Use this URL to cite or link to this record in EThOS: http://ethos.bl.uk/OrderDetails.do?uin=uk.bl.ethos.574346
Title: Electrochemical studies of mobile charged species during zirconium alloy oxidation
Author: Smith, James Stephen
Awarding Body: University of Manchester
Current Institution: University of Manchester
Date of Award: 2013
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Abstract:
This research has used a suite of electrochemical techniques, both in-situ and ex-situ to investigate the mobile charged species in the oxides of zirconium alloys. Limits on the corrosion resistance of existing zirconium alloys used for fuel cladding are a major restriction on the burn-up that can be achieved within a pressurised water reactor (PWR). Developing a full mechanistic understanding of the corrosion process of zirconium alloys in the primary water environment is necessary for prolonging the life-time of fuel cladding. A key component in the corrosion of zirconium alloy is the transport properties of various charged species within the oxide layer, which determine the rate of corrosion. Three distinct electrochemical methods have been employed in this work. The first technique, Electrochemical Impedance Spectroscopy (EIS), has been used to determine the physical properties of the oxide. The second technique, Mott-Schottky analysis, studied the oxide acceptor/donor densities; hence the nature, concentration and activation energy of the major electronic charge carrier could be determined. The final method, a DC method known as Wagner-asymmetric polarization (WAP), separated the ionic and electronic currents and can thus allow the calculation of transport numbers, partial conductivities and activation energies of the ionic species. All the techniques investigated parameters as a function of oxidation time, lithium concentration and alloying elements.Work was carried out on oxides grown under PWR conditions (2 ppm Li and 1000 ppm B) at temperatures of 240-360 °C on specimens of zircaloy-4, ZIRLO, Zr-0.1%Nb and Zr-1%Nb. The EIS was undertaken in-situ to determine the oxide thickness and showed that the electrochemically active oxide grows quicker in a higher lithium concentration. Variances in oxide growth rates are also seen between specimens of differing niobium and tin content.In-situ Mott-Schottky analysis of the electronic charge carriers within the thin oxide showed the oxide to be a n-type semiconductor. Hence the dominant charge carriers, for early stage oxidation of Zircaloy-4 under simulated PWR conditions, were electrons with a donor density of approximately 2 x 1017 cm-3. The addition of lithium to the oxidation environment increases the donor density, which indicates lithium plays a previously unknown active role in the corrosion process.Despite the oxide being highly resistive, this research has also shown that the ionic charge carriers within the oxide can be directly measured using asymmetric-polarisation. However, further work needs to be undertaken to perfect this technique under inert atmospheres.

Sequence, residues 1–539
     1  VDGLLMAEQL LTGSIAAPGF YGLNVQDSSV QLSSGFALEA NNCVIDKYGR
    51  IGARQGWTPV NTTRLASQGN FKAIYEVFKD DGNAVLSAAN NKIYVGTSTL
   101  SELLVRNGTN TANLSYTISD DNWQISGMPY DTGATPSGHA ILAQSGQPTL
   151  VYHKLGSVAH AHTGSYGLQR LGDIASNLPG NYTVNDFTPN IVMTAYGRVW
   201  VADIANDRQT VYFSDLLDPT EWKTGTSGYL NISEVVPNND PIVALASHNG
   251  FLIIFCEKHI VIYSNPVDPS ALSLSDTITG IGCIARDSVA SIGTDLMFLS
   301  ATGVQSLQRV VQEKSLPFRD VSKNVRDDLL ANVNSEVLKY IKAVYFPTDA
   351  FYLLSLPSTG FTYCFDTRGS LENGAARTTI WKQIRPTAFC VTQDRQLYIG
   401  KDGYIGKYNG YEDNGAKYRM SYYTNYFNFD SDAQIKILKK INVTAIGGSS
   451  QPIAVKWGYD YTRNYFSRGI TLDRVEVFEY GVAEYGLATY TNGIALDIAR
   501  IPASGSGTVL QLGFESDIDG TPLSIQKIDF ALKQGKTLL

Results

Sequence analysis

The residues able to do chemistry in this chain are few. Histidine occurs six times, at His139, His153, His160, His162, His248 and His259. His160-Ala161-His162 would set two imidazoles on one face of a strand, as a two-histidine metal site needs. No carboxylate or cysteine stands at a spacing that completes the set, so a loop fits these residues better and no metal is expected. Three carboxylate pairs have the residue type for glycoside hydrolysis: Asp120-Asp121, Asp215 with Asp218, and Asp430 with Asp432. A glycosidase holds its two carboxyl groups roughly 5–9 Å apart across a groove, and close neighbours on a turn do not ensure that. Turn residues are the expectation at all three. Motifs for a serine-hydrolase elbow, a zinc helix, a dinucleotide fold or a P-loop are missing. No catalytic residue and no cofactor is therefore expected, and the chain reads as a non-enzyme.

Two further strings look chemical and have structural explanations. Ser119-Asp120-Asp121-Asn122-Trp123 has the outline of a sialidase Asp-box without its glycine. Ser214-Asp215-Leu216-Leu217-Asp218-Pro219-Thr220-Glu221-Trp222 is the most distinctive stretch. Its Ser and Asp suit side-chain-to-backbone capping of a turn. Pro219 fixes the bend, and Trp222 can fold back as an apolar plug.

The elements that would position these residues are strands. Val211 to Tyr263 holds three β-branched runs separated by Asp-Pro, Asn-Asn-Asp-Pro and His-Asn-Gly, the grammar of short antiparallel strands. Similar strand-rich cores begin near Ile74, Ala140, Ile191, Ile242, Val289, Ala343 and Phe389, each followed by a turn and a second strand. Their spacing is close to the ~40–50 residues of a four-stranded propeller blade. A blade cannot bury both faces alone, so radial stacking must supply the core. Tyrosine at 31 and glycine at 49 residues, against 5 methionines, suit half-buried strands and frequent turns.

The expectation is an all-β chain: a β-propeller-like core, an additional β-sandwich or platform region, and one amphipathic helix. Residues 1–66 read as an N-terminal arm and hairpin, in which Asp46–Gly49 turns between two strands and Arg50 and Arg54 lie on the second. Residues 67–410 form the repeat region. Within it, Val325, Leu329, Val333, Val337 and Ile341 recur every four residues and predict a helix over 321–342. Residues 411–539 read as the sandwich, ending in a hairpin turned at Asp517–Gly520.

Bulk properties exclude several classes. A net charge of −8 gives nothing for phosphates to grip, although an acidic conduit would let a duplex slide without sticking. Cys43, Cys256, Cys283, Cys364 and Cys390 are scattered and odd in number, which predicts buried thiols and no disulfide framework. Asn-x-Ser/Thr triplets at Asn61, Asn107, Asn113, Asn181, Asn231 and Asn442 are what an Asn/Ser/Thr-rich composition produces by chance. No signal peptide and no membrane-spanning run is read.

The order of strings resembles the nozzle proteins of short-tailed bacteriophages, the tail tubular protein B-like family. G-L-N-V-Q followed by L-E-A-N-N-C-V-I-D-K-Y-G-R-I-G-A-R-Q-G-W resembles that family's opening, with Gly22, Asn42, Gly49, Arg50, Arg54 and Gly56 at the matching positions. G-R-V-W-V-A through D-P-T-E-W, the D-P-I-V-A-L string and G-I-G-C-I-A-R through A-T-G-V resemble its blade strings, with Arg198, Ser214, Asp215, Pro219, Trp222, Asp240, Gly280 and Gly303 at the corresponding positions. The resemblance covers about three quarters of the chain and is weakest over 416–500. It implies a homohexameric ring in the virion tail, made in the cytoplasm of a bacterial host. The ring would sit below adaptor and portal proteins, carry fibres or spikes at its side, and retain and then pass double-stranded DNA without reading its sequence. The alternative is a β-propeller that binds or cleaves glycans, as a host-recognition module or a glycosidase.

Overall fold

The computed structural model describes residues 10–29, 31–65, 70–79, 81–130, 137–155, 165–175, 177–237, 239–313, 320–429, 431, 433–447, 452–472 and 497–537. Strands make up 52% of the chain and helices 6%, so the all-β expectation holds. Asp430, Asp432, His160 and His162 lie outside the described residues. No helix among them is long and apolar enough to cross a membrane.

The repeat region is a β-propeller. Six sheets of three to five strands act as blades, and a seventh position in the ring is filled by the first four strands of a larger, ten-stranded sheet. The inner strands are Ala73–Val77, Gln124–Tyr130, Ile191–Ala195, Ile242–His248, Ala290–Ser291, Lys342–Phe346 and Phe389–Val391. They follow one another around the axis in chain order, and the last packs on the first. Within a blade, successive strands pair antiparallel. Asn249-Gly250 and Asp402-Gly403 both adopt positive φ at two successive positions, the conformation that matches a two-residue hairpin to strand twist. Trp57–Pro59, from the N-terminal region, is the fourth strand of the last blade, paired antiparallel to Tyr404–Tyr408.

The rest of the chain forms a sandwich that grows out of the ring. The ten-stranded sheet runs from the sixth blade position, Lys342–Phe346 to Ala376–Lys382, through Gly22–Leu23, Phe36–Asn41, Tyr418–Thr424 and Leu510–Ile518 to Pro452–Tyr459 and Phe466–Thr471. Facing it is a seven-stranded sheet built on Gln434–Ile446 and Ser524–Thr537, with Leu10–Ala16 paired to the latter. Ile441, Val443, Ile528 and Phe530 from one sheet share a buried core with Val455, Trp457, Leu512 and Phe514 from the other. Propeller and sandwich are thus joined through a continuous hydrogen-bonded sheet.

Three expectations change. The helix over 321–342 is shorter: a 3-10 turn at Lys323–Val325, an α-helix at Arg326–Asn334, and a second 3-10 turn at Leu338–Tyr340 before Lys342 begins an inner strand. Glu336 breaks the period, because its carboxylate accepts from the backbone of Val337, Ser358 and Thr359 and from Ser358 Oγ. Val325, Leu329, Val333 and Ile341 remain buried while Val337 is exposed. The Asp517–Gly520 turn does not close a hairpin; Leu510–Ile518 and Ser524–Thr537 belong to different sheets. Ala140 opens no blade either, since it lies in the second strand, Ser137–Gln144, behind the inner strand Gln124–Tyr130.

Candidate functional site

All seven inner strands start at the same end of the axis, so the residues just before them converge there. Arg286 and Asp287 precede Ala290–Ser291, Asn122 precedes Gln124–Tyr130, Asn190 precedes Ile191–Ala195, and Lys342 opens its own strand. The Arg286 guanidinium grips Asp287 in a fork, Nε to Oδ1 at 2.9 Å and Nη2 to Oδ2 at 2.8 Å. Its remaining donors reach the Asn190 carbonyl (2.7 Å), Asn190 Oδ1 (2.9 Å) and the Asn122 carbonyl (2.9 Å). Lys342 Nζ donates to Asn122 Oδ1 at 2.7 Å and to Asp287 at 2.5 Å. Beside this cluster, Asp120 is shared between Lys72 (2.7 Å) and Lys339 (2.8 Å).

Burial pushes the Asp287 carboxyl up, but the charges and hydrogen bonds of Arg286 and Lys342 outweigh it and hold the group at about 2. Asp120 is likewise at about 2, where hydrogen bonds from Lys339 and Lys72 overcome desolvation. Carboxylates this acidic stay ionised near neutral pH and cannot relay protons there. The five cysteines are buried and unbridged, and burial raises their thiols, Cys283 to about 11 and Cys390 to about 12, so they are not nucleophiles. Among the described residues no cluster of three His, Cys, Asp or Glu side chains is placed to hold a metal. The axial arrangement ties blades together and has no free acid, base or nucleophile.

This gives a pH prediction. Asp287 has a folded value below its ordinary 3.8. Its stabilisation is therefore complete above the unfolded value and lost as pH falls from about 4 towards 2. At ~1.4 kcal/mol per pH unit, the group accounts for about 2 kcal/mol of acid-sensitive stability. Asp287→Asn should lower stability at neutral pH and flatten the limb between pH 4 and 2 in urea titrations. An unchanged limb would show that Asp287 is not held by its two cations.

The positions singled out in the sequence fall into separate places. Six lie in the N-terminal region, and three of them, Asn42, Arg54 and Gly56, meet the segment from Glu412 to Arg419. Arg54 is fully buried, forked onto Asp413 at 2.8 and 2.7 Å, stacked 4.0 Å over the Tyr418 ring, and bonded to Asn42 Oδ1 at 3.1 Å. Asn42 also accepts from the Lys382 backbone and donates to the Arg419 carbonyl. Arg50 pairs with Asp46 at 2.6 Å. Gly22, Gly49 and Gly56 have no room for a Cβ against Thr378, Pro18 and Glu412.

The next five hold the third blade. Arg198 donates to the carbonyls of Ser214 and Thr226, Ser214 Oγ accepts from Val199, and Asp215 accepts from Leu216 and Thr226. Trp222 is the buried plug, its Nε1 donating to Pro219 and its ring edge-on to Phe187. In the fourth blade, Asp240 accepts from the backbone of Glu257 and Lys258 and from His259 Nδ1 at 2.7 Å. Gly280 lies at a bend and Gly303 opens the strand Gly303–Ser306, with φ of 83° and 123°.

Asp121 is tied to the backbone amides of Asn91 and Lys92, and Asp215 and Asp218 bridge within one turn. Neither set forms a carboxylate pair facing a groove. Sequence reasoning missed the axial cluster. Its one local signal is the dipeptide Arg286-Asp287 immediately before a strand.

Supervisor: Lyon, Stuart Sponsor: Not available
Qualification Name: Thesis (Ph.D.) Qualification Level: Doctoral
EThOS ID: uk.bl.ethos.574346  DOI: Not available
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